In line with the rumored release of Apple’s so-called iPad Mini, there were reports that the company is reducing its iPad screen shipments from Samsung in favor of Sharp and LG. This move reflects the Cupertino-based company’s action to lessen its dependence upon its increasing “frenemies.”
A New iPad and New Suppliers
As reported by DigiTimes last Thursday, Apple is planning to a launch a redesigned iPad, although this news is not well supported. The Taiwanese tech site also claimed that the iPad panel shipments will fluctuate during this quarter, ending in September.
However, the delivery will still be a bit higher than the previous quarter. According to Taiwan-based supply chain makers, a total of 19.5 million panels for the iPad 2 and new iPad will be delivered in the third quarter of this year.
As Apple is revising the new iPad and plans to launch a new version of iPad, the vendor is expected to adjust inventory level of iPad panels, with shipments decreasing in July and August and then increasing in September.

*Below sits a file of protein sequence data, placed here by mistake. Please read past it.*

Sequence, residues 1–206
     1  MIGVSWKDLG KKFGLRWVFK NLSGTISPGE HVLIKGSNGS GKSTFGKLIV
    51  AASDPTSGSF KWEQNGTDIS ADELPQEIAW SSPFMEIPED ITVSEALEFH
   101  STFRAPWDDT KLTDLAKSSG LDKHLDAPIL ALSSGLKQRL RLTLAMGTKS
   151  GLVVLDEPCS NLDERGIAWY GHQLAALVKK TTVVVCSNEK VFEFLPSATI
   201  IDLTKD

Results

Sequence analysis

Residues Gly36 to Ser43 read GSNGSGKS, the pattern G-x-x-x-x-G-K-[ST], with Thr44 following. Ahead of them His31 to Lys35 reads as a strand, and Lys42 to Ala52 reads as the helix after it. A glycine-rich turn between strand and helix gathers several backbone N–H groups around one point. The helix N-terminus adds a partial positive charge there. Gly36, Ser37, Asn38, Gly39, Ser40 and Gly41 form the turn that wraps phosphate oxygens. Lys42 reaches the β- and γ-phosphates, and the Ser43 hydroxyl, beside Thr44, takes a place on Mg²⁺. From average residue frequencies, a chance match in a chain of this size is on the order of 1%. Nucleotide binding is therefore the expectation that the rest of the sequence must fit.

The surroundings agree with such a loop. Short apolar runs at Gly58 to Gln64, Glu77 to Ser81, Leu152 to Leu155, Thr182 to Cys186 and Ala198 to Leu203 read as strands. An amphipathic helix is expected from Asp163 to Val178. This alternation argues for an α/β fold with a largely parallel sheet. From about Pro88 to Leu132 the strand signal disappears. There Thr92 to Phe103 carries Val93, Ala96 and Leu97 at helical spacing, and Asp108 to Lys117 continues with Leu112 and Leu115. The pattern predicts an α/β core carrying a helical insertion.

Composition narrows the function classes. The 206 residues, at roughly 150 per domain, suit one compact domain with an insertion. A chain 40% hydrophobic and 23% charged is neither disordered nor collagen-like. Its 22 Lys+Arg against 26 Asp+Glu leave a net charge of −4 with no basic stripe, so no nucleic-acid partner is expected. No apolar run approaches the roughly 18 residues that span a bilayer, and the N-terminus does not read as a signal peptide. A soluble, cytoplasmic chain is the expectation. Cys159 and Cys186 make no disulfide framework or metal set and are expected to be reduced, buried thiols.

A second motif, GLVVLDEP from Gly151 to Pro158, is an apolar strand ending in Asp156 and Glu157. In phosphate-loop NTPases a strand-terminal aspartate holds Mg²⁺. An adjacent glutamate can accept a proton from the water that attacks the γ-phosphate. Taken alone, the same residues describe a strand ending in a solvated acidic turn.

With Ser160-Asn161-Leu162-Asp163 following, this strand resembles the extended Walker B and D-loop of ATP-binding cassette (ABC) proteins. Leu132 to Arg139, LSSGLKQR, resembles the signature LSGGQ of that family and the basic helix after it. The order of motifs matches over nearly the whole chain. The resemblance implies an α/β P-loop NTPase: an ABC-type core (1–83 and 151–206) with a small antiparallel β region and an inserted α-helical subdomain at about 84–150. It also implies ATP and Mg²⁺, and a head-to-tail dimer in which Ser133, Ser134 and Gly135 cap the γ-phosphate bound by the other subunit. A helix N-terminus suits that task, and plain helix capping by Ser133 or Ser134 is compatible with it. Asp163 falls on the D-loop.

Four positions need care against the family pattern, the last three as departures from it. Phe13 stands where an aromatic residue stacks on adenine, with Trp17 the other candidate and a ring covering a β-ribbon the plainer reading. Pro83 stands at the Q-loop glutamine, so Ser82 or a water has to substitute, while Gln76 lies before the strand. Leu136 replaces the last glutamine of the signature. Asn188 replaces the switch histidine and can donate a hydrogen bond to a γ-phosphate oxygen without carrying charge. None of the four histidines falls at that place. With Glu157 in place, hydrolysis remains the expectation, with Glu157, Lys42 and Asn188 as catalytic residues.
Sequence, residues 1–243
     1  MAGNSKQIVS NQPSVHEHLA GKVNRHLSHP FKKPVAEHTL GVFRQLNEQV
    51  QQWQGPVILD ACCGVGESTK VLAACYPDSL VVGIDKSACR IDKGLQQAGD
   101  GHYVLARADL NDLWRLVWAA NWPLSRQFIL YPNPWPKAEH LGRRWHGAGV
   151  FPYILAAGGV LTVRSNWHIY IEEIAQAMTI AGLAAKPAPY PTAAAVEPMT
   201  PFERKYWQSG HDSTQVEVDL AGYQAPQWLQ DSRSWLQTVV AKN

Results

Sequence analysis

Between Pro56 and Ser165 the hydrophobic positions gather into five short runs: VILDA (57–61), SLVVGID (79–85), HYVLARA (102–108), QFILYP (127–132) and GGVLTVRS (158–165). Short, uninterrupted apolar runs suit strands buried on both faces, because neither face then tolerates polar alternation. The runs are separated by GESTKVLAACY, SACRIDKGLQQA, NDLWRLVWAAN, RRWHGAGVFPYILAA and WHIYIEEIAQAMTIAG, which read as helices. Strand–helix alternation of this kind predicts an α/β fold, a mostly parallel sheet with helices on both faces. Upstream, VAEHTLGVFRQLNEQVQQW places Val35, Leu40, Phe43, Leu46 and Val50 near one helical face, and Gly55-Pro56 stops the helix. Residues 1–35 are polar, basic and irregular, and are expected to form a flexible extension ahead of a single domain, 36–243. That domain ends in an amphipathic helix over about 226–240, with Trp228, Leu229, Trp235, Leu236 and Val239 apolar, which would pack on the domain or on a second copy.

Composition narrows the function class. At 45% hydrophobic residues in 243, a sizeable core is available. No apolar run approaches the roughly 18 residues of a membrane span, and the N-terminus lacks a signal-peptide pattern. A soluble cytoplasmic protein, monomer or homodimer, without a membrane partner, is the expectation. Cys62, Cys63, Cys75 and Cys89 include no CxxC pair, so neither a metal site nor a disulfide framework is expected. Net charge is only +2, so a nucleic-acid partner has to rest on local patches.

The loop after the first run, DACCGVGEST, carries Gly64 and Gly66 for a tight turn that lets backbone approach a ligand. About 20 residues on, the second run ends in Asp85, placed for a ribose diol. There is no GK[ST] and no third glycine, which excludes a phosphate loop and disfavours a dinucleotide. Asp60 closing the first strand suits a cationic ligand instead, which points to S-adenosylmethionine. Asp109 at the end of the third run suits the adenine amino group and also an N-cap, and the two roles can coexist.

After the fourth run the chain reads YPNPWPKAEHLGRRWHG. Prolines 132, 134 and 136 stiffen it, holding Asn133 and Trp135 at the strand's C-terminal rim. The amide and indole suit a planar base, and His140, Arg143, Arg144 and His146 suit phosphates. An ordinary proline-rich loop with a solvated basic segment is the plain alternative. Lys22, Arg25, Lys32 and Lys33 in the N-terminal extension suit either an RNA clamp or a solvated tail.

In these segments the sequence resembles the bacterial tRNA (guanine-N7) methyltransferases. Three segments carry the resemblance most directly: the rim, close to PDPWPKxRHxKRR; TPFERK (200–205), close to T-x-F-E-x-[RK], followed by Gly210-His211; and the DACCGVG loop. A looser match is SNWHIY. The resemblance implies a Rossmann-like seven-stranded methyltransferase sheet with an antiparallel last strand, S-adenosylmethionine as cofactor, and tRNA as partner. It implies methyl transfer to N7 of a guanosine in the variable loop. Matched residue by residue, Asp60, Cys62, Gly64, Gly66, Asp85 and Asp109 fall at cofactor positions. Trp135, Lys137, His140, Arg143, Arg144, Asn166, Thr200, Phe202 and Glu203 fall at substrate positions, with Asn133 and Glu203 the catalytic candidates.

In relation to this, the company would be decreasing a part of its total shipments from Samsung Electronics and would increase the portion of Sharp and LG’s delivery. However, this move does not necessarily mirror Apple’s retaliation against its refusal to negotiate patent claims against the South Korean tech giant.
There were also reports that the company is moving away from a-Si TFT screens in favor of Sharp’s oxide TFT panels for the iPad. In addition, Apple has allegedly worked to expand its relationship with Taiwan Semiconductor Manufacturing Company, in an attempt to reduce its dependence on Samsung with regard to ARM CPUs. It was also said that the company is already scouting for alternative RAM suppliers.
Samsung: A New Addition to Apple’s List of Frenemies
As of the moment, Samsung remains a critical component supplier for Apple, which makes it a new addition to the iPad maker’s list of frenemies. The list also includes Microsoft and Google.
Apple is also known for pitting its frenemies against each other, like teaming up with Google to develop the WebKit browser against Microsoft’s Internet Explorer. On the other hand, the company worked with Microsoft’s Bing as an alternative option to Google web search in Safari.
Recently, the iPad maker has rolled out its alternative to the products it once depended upon from its various frenemies. This includes iWork and Safari against Microsoft’s Office and Internet Explorer components, as well as the development of Siri and the new iOS Maps to ditch Google’s Android platform.